Kal Penn, the actor who played Kumar from the “Harold and Kumar” series, isn’t only concerned with smoking pot and making movies about stoners. He is also active in the political arena.
The Barack Obama presidential campaign and the Campaign for Change kicked off the Labor Day weekend in Colorado and at CSU with the ‘4K in 4 Days’ voter registration challenge.
Penn helped canvas students on the Lory Student Center Plaza Friday, eventually resulting in 4,000 new voters’ registrations by the end of the weekend.
“For the first time in a long time, single-handedly, college students can determine the fate of the presidential election,” Penn said in an interview.
Penn met a crowd of about 50 people outside the Morgan Library, where fans, Obama supporters and volunteers alike gathered to catch a glimpse of the actor.
Students offered volunteer time in return for autographs and photographs.
“We have no more excuses,” Penn said. “We have no more ways of reading the numbers to pardon ourselves from being participants.”
Senior journalism major and Obama campaign volunteer, Collin Czarnecki said, “We’ve overdone all of expectations for voter registration so far. We’re definitely going to hit our mark, if not exceed it.”
Czarnecki said the main focus of Friday’s voter registration drive was canvassing campus and registering young voters.
“Right now we’re really focusing on the campus and really trying to get students involved and letting them know that this whole election is extremely important to them,” Czarnecki said.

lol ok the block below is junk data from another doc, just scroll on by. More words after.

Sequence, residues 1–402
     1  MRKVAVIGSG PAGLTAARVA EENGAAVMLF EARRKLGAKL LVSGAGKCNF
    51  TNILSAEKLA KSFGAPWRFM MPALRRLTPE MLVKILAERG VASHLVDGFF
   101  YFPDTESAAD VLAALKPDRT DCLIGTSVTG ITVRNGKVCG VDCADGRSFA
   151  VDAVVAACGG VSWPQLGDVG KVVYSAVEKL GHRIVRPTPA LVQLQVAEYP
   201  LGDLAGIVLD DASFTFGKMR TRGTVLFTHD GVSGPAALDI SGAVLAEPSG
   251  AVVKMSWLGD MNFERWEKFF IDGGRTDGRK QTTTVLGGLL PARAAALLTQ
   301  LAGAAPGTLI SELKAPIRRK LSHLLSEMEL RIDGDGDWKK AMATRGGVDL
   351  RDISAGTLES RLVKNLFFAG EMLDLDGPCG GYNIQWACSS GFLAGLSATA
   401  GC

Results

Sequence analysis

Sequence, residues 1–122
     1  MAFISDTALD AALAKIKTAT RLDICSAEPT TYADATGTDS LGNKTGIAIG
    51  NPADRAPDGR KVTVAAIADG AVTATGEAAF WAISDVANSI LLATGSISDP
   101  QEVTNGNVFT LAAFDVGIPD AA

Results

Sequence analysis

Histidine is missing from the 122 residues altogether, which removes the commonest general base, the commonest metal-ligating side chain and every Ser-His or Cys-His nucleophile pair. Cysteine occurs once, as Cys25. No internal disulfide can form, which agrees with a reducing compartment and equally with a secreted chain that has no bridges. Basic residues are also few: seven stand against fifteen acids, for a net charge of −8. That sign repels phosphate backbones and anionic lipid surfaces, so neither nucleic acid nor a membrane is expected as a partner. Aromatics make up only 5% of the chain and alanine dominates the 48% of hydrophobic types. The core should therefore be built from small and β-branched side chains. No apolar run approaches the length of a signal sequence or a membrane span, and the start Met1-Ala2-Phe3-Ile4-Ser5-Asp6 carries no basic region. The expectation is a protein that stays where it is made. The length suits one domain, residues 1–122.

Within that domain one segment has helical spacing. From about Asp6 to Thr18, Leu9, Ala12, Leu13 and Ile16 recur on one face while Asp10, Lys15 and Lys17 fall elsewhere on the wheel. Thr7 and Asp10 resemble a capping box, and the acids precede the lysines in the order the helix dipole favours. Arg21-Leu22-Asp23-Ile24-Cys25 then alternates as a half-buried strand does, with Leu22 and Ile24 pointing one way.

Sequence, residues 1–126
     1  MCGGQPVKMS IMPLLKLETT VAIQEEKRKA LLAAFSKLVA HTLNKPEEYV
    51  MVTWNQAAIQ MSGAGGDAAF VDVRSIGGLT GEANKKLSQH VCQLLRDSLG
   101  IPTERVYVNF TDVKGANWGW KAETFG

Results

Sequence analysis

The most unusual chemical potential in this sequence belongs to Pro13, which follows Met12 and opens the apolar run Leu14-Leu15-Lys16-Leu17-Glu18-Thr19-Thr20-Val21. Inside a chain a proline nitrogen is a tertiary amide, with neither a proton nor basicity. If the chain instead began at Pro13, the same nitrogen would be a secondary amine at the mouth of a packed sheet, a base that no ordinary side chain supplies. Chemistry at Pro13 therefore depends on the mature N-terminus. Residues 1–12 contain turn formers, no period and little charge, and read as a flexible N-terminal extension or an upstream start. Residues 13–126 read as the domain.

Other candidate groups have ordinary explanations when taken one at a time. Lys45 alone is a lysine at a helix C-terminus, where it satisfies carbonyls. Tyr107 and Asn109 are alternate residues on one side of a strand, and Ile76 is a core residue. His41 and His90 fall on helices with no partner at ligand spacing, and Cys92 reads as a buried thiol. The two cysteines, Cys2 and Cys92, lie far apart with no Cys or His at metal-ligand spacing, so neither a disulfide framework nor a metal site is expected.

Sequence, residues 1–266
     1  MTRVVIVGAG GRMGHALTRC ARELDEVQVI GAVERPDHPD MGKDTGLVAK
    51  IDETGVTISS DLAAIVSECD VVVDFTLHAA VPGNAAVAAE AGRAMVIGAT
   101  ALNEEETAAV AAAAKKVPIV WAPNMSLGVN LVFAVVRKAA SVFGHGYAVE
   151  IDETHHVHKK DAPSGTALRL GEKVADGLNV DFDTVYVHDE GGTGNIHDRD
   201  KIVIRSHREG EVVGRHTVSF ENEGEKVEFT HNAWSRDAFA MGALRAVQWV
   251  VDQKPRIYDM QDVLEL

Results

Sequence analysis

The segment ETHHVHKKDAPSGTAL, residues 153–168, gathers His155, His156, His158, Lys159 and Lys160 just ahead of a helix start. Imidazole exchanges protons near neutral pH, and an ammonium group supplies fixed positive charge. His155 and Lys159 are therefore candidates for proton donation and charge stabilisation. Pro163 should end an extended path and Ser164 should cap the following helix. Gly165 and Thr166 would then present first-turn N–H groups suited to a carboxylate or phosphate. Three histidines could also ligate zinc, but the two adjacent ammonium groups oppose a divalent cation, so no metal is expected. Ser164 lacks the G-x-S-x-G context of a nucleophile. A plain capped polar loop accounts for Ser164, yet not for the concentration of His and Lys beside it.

Obama, including volunteers involved in music, acting and politics.
“Anytime you have someone from the campaign come on behalf of the senator, there is a little more draw,” he said. “But really I don’t think it’s because of the ‘celebrity factory.’ I think it’s because you’re seeing this kind of outreach on behalf of Barack,” Penn said. “It has very little to do with us, and more to do with the folks who we are registering.”
Smoot feels that no matter who is campaigning on behalf of the candidates, students will cast their votes.
“I think students are going to vote if Kal Penn tells them to or not,” Smoot said. “I don’t recommend students to vote for a candidate because their celebrities voted for them. I think they need to educate themselves on the issues and then go vote.”
Connecting on a technological level, Czarnecki believes, helps candidates relate better to young voters.
“It makes me feel that I can actually have a say in this campaign,” Czarnecki said.
Penn said that, not only can technology be used as a campaign tool, but that it is also vital to a successful presidency.
“I think it’s crucial that we have a president who understands these new technologies, understands how it could benefit American workers because if we don’t, I think we’re going to continue to see jobs going overseas; we’re going to continue to see this economic downturn,” Penn said.
Staff writer Johnny Hart can be reached at firstname.lastname@example.org.